Storyteller marketing is an approach to reaching your audience that relies on stories to form genuine connections. No gimmicks. No tricks. Just honest communication. The thing is, many people believe they “hate writing” or “can’t write a good story”, and that just isn’t true. But there are some truths relative to storyteller marketing, and if you’re willing, we’d like to share five things you need to know about storyteller marketing to make it work for you.

Writing is Hard—Telling Great Stories Takes Practice

Margaret Atwood (The Handmaid’s Tale) says that writers only learn to write by writing, which is completely obvious and yet so many believe that writing or being a great writer is some kind of magical gift, like finding our you’re a wizard and getting to move out from under the cupboard.

While a predilection for writing may be stronger for some than others, that doesn’t mean that with practice, you, too can’t be a solid storyteller who can write your brand story concisely and excitingly. It all starts with putting the words on the page.

Storyteller marketing truth #1: Write and revise, revise, revise, and eventually, you will thrive.

Great Stories are Born from Inspiration

Make time to decompress. It helps your mind loosen up and for your creative side to flow. Photo credit: Imani Clovis

Make time to decompress. It helps your mind loosen up and for your creative side to flow. Photo credit: Imani Clovis

While great writers write all of the time, marketing stories need to come from a place of inspiration, a place of passion. To arrive there, you need to have a clear sense of yourself and of what your goals are. You also need to understand some of the fundamentals of storytelling and what kinds of stories you should tell (i.e., your origin story, identifying how you solve your audience’s problem story, etc.).

Beyond that, look at how other brands are telling their story. Think about your brand. Take notes and keep a journal of your ideas. Mull them over while you cook, walk, drive, garden…whatever you do to clear your headspace and free your mind for storytelling inspiration to flow.

Storyteller marketing truth #2: You can improve your storyteller marketing by being observant and reflective.

Storyteller Marketing Reveals Solutions

Often when we hear “storyteller” we think of “once upon a time”, but in the context of marketing, storyteller refers to structure, to the story’s arc. The arc has a clear beginning, middle, and end. There’s a problem, an action, and a resolution. It doesn’t have to be complex. For example:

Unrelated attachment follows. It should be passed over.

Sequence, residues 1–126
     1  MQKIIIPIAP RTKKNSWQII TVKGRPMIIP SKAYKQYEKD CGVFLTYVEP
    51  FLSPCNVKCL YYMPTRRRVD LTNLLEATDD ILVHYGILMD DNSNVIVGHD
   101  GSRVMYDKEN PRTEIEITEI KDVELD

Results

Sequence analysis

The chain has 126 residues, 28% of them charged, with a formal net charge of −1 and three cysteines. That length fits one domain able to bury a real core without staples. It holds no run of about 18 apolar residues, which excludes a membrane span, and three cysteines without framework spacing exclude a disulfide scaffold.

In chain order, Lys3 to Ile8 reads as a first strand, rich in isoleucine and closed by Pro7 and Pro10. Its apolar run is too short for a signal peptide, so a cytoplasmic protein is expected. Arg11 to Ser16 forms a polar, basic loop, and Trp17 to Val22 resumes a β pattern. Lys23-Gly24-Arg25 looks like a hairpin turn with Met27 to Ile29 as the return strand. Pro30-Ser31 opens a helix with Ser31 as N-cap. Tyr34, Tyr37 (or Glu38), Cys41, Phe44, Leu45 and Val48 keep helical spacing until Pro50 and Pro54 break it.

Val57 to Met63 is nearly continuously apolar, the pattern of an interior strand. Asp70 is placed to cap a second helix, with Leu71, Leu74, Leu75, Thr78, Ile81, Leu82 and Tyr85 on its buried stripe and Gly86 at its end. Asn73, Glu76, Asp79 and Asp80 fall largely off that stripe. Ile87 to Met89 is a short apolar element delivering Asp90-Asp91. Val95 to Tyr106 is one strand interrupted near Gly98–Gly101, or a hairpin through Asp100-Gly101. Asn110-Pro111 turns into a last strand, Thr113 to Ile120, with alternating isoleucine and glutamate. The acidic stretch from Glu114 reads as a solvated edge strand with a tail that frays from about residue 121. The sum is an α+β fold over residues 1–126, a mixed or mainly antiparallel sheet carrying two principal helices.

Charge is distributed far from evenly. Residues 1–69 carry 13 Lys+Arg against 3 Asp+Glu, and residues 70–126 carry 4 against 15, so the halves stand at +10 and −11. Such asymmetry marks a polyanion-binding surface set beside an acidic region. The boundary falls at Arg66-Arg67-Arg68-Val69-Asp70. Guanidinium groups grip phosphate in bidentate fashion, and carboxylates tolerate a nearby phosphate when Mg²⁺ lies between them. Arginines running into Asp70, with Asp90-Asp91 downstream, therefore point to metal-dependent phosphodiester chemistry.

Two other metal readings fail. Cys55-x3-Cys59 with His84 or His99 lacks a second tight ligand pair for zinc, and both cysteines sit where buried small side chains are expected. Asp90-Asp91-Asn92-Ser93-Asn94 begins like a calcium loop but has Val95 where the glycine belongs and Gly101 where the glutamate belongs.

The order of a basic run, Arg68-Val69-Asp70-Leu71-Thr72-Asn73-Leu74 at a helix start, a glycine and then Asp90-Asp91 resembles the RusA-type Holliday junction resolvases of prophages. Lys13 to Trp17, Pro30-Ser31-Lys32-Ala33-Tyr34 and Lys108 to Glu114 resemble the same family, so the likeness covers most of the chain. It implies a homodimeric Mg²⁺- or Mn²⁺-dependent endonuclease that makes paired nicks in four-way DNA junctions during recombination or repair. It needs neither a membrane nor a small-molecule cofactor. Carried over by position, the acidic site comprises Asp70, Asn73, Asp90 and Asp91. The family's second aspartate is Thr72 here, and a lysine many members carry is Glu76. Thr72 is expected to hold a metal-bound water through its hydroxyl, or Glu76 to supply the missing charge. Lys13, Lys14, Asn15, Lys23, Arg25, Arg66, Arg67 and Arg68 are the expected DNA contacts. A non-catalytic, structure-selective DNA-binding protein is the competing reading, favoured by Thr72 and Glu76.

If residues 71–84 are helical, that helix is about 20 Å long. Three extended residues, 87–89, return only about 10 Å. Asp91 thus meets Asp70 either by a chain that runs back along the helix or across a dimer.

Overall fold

• Janet needs help telling her brand story. Janet calls The Storyteller Agency, and they help her become a storyteller marketing hero. Janet gets so much new business that she has to hire an assistant and give herself a pay raise. (Don’t you hate it when that happens?)

Overlooking that bit of shameless self-promotion, keep in mind a few things when you’re telling a story to reveal solutions. One is that you need to understand what your audience’s realend goal is. They might say they want to tell better stories or that they want to build their audience, but that’s not really the end goal. The real goal is that they want to boost their revenue, grow their business, have more life security, retire to the beach, etc.

Storyteller marketing truth #3: When you understand what your audience really wants, you can use stories to clearly show how you provide solutions to their problems.

Emotion and Data Go Hand–in–Hand in Storyteller Marketing

Another big misconception about storytelling is that it’s all emotional. That simply isn’t so. Numbers can make a huge difference in your story’s impact. Used sparingly and at the right time in the story, data can also make your story more memorable.

Pretend your goal is to raise money for an animal charity. While “please help abused animals because it’s the right thing to do” is not an inaccurate statement, it doesn’t resonate the same as telling your audience that with donations received in 2018, your organization rescued and relocated 50 puppies from puppy mills in your community.

Images and videos pack a powerful punch when it comes to storyteller marketing. Photo credit: Lydia Torrey

Images and videos pack a powerful punch when it comes to storyteller marketing. Photo credit: Lydia Torrey

Storyteller marketing truth #4: Data can enhance your story’s emotional impact.

Stories Can & Should be Expressed Visually

Lastly, while words are wonderful, you can and should use visuals (images, videos, voice, etc.) to tell or to enhance the telling of your story. For example, in the above example about puppy mills, imagine how much more powerful that short story about rescuing 50 puppies would be if there was a photo of one or some of the puppies included? Now imagine a video that showed the organization’s members saving the sad puppies, nurturing them to health, and then finding them forever homes with eager, loving families? Just the thought of it makes us want to go rescue a puppy. The point is, visuals are an essential part of storyteller marketing and should not be overlooked.

Storyteller marketing truth #5: Visuals pack a punch in your storyteller marketing strategy.

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Truth number six is simply that storyteller marketing is both effective and is for everyone. Great storyteller marketing relies on introspection, study, and practice, but you can do it. We are here to help. The Storyteller Agency specializes storyteller marketing. Click here to contact us, and let’s start telling your best stories.